Inequality Is Bad for Your Health

People who feel they are treated unfairly have physiological markers of elevated stress.
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People who feel they are treated unfairly have physiological markers of elevated stress.
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It's increasingly clear that the stress of being black in a white-dominated society takes a toll on one's health—even if you don't get kidnapped by a mad neurosurgeon who covets your brain. However, new research suggests the link between inequality and stress isn't limited to African Americans.

In a study featuring a group of American twins—almost all of them white—researchers found a link between perceived inequality and a variety of bodily stress responses. Such responses, when sustained over long periods of time, have been widely linked to a wide range of health problems.

"Perceived inequality appears to be a robust predictor of allostatic load, a comprehensive indicator of stress exposure," Joseph Schwartz of the University of Nebraska–Omaha writes in the journal Social Science and Medicine. "These findings, if replicated, have potentially important implications."

Don't stint on funding for stress-reduction programs; they could pay off handsomely.

The study featured 290 same-sex twins who participated in the Survey of Midlife Development in the United States. Allostatic load—essentially, stress-induced wear and tear on the body—was assessed using 24 biomarkers, including heart rate, blood pressure, blood glucose, inflammation, adrenal activity, heart-rate variability, and cortisol.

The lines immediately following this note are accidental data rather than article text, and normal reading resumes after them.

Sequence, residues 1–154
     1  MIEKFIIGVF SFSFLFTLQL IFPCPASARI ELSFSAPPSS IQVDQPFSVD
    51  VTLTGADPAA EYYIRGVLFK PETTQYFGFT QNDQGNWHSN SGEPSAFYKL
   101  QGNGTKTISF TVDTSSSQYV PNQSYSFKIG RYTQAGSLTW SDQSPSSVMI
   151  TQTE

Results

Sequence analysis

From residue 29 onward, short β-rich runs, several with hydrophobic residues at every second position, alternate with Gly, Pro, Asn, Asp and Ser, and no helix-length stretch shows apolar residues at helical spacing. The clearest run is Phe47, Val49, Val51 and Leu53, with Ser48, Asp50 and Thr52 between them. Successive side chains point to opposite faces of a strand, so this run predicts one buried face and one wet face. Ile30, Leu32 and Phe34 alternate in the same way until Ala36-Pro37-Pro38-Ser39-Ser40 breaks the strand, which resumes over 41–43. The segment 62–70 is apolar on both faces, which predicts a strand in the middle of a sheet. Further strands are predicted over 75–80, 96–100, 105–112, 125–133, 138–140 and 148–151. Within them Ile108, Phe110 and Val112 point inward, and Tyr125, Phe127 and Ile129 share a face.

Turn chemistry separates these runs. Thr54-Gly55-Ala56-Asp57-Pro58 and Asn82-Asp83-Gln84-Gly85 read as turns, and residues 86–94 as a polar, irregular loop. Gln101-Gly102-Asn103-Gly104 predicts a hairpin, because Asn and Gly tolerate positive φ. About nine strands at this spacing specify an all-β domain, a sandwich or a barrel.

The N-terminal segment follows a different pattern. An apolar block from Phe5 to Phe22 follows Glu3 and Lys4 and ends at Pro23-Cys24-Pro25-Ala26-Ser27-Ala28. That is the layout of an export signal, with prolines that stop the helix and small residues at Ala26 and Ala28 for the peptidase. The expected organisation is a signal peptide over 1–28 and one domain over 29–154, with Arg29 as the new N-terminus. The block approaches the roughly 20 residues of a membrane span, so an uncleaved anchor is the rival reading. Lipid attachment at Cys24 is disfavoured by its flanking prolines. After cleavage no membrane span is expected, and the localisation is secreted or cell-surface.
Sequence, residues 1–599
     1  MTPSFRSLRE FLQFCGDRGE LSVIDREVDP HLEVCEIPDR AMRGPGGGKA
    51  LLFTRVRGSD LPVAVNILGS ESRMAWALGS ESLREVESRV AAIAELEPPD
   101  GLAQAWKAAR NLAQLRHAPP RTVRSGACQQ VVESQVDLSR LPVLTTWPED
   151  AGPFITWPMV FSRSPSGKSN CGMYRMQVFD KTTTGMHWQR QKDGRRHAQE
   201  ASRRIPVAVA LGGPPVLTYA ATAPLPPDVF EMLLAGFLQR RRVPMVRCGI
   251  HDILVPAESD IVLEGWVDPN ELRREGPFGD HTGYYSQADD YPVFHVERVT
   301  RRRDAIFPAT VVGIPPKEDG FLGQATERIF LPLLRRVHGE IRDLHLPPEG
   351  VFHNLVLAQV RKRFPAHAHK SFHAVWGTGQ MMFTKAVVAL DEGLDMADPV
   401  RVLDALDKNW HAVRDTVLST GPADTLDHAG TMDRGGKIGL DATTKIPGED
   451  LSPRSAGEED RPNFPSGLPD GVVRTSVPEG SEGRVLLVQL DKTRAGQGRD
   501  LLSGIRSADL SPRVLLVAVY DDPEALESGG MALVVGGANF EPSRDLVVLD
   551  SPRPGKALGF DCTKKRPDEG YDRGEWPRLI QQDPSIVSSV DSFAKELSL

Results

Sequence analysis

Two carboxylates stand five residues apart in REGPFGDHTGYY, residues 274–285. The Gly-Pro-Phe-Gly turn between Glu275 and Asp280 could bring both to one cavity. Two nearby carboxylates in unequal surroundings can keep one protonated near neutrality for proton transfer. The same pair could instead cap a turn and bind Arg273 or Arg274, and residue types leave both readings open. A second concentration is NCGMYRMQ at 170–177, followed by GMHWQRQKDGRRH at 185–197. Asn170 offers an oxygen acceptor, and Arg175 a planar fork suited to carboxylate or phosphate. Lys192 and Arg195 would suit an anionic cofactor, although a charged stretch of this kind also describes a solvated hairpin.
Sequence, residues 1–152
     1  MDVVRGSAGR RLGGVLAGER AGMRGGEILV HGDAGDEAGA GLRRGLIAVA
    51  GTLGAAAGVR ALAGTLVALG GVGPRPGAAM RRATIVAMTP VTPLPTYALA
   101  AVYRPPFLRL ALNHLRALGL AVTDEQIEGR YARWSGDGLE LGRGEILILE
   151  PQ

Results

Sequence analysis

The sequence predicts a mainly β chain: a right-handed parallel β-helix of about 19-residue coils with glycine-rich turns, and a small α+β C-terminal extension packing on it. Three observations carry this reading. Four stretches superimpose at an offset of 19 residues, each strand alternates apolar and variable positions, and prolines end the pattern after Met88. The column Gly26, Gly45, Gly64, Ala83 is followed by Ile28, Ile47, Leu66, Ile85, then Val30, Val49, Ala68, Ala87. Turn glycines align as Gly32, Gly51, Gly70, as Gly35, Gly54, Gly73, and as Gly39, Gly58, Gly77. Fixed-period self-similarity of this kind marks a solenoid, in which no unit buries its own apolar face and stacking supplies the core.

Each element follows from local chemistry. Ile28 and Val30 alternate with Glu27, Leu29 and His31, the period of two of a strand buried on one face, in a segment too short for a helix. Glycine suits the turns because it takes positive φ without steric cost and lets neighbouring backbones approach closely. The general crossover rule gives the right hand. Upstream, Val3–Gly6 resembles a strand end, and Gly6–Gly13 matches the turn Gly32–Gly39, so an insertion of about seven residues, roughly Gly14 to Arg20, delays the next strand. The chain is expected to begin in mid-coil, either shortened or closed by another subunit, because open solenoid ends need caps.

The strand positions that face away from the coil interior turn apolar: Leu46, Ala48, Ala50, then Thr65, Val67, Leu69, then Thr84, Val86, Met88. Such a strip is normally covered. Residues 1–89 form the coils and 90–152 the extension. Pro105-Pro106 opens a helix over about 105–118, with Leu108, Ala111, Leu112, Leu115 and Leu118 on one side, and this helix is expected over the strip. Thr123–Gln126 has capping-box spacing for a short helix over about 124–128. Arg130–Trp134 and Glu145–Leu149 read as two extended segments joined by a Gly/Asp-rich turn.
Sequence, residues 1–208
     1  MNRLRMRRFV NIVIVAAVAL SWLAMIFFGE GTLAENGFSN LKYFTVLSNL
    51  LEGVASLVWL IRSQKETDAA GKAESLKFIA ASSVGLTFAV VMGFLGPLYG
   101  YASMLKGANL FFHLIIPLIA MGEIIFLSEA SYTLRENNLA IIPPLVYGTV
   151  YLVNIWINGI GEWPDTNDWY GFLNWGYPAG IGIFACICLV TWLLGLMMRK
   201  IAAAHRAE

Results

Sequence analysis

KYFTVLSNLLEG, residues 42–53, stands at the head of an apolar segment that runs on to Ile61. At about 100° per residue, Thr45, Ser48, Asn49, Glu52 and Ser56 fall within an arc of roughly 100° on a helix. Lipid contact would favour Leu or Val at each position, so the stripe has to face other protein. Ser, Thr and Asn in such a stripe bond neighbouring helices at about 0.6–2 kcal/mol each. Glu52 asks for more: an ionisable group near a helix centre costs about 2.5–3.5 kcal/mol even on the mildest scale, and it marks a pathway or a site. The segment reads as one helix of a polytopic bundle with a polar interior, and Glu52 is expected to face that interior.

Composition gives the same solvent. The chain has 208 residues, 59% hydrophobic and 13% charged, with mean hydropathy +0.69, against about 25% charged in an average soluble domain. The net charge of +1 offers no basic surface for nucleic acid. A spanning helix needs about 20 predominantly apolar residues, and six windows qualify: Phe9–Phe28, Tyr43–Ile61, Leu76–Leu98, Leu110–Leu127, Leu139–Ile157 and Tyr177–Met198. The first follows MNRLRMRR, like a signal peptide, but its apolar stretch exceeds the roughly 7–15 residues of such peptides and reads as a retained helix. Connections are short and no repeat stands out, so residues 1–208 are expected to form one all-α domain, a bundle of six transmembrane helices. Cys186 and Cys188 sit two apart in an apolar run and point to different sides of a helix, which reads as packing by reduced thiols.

Their perceptions of unequal treatment were derived from their answers to nine questions during two interviews. They were presented with statements such as "You were treated with less courtesy than others," and responded on a scale of one (never) to four (often).

"Twins who experienced greater overall levels of inequality also had greater overall levels of allostatic load compared to their co-twin," Schwartz reports. Importantly, this held true after taking into account a variety of lifestyle and demographic factors known to influence health, including their levels of drinking, smoking, and exercising.

The results demonstrate "a potential pathway in which environmental stressors may have long-term physical health consequences," he concludes.

At a time when political leaders are arguing about the cost of health coverage, this research offers a couple of creative prescriptions. Don't stint on funding for stress-reduction programs; they could pay off handsomely.

And consider pursuing policies that promote equality for all Americans. You won't just have a fairer society—you'll also have a healthier one.

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